Google on Wednesday began turning Android-powered smartphones into interpreters with experimental software that lets the handsets translate conversations in real time. At the time of this launch it is only Spanish and English.
An in-the-works version of “Conversation Mode” was made available as the California-based Internet giant updated a text translation feature it added to Android smartphones a year ago.
“In conversation mode, simply press the microphone for your language and start speaking,” product manager Awaneesh Verma said in a blog post.
Currently, you can only use Conversation Mode when translating between English and Spanish. In conversation mode, simply press the microphone for your language and start speaking. Google Translate will translate your speech and read the translation out loud. Your conversation partner can then respond in their language, and you’ll hear the translation spoken back to you. Because this technology is still in alpha, factors like regional accents, background noise or rapid speech may make it difficult to understand what you’re saying. Even with these caveats, we’re excited about the future promise of this technology to be able to help people connect across languages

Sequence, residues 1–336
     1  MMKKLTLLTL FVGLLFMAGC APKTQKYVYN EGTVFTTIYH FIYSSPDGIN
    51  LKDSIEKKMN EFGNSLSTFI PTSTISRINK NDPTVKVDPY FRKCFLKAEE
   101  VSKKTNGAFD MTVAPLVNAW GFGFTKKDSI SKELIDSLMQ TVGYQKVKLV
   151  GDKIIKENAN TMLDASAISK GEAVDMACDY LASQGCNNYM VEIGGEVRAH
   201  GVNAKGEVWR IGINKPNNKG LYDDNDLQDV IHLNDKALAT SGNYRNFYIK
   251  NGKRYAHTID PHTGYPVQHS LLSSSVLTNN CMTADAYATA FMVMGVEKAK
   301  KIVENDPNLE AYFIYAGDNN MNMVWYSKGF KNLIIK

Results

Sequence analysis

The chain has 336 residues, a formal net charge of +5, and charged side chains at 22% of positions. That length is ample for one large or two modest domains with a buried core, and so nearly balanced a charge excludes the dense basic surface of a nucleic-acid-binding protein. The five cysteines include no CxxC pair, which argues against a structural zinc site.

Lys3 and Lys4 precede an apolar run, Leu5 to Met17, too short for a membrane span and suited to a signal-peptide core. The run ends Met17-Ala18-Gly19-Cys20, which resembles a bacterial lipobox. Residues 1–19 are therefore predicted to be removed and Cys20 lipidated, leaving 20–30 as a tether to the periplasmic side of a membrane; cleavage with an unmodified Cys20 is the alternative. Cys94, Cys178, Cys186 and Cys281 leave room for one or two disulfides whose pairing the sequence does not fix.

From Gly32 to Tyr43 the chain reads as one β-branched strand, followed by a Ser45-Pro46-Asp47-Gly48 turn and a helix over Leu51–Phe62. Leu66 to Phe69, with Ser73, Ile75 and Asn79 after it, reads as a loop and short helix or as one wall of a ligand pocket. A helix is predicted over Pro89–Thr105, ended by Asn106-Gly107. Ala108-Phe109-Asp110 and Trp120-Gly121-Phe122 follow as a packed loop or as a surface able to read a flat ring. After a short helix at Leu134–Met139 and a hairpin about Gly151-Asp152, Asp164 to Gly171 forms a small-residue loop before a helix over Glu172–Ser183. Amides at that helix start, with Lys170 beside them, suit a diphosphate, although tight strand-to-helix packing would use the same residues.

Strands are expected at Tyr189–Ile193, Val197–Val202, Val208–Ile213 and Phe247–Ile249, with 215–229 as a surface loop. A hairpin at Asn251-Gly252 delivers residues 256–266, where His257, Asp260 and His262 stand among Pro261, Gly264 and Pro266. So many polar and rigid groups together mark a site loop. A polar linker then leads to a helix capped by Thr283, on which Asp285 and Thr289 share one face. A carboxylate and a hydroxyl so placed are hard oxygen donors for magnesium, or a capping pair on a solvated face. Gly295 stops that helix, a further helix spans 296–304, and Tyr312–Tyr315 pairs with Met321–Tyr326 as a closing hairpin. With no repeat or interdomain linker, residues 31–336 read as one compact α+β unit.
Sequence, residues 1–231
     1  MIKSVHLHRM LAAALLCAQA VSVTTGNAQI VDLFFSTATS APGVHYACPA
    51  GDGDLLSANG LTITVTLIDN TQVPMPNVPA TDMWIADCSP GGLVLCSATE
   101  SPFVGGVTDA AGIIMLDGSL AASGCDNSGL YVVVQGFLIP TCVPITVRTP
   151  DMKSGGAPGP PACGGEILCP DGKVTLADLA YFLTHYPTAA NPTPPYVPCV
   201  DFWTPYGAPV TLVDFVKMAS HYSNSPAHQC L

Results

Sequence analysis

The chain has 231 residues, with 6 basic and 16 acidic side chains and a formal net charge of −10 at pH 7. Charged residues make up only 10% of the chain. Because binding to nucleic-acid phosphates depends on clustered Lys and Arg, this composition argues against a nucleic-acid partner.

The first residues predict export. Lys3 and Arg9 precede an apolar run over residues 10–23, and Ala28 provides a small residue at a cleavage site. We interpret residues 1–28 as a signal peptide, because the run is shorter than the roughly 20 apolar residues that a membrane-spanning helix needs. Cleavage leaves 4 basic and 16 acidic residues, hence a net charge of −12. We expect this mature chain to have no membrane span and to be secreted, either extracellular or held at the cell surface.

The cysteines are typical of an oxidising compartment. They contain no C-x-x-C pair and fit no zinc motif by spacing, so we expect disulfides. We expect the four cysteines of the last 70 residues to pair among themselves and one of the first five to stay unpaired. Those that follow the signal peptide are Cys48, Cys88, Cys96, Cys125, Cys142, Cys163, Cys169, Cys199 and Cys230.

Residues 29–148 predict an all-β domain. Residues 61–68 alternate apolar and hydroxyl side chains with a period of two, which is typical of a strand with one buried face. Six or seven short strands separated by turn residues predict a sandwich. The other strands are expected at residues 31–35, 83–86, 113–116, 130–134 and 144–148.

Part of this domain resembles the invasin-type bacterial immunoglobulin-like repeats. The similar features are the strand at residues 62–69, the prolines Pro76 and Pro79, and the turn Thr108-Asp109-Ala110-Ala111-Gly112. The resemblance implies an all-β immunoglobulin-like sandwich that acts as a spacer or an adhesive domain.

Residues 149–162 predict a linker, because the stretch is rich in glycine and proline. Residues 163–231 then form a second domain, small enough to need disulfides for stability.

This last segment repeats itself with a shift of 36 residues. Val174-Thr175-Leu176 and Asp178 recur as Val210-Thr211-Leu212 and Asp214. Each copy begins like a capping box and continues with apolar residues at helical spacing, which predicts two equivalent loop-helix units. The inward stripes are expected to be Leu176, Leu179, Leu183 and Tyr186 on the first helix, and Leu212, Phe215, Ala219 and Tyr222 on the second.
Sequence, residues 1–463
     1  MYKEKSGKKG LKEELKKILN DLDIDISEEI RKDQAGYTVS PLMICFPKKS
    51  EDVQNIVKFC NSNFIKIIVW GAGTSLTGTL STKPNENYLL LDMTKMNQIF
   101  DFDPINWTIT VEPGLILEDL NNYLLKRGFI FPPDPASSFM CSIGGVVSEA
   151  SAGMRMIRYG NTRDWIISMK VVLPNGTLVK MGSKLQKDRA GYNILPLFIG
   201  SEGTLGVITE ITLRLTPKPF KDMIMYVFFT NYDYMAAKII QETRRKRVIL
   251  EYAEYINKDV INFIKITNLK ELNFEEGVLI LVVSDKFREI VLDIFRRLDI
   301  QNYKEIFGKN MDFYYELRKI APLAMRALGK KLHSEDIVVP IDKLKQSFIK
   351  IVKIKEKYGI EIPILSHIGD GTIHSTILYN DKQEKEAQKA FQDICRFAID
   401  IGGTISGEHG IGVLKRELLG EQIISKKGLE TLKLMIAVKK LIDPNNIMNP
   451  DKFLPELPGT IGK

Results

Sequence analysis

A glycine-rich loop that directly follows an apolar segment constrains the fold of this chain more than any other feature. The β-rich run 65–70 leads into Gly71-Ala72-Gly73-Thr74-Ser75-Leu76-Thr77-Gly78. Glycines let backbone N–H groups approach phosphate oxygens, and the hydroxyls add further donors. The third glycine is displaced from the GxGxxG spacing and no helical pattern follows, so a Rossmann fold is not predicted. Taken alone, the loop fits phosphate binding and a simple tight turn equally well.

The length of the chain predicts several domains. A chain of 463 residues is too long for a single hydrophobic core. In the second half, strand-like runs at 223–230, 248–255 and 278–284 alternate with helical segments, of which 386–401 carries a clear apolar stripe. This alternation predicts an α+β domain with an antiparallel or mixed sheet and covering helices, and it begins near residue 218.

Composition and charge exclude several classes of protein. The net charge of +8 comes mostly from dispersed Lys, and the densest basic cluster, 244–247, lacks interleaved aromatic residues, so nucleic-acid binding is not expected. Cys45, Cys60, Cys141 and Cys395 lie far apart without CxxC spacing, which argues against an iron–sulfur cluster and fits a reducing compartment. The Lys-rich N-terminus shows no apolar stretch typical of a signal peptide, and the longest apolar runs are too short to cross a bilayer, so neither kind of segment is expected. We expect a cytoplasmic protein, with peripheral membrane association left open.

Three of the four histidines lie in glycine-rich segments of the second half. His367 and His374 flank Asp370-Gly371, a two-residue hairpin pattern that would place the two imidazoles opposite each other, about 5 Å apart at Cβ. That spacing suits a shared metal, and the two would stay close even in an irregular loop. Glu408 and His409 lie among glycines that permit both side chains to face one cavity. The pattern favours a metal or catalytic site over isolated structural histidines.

Translate supports 53 languages, from Afrikaans to Yiddish, and voice input for 15 languages. You can download the application, available for devices running Android 2.1
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